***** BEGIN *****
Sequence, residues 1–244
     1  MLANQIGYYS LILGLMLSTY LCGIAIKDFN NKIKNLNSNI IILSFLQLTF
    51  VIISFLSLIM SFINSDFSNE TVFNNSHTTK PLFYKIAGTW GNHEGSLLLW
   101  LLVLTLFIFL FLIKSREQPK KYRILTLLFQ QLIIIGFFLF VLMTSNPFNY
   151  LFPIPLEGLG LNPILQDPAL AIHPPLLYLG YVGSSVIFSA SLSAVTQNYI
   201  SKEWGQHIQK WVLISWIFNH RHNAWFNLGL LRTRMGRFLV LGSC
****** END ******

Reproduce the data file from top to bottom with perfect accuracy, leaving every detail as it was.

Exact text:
Sequence, residues 1–244
     1  MLANQIGYYS LILGLMLSTY LCGIAIKDFN NKIKNLNSNI IILSFLQLTF
    51  VIISFLSLIM SFINSDFSNE TVFNNSHTTK PLFYKIAGTW GNHEGSLLLW
   101  LLVLTLFIFL FLIKSREQPK KYRILTLLFQ QLIIIGFFLF VLMTSNPFNY
   151  LFPIPLEGLG LNPILQDPAL AIHPPLLYLG YVGSSVIFSA SLSAVTQNYI
   201  SKEWGQHIQK WVLISWIFNH RHNAWFNLGL LRTRMGRFLV LGSC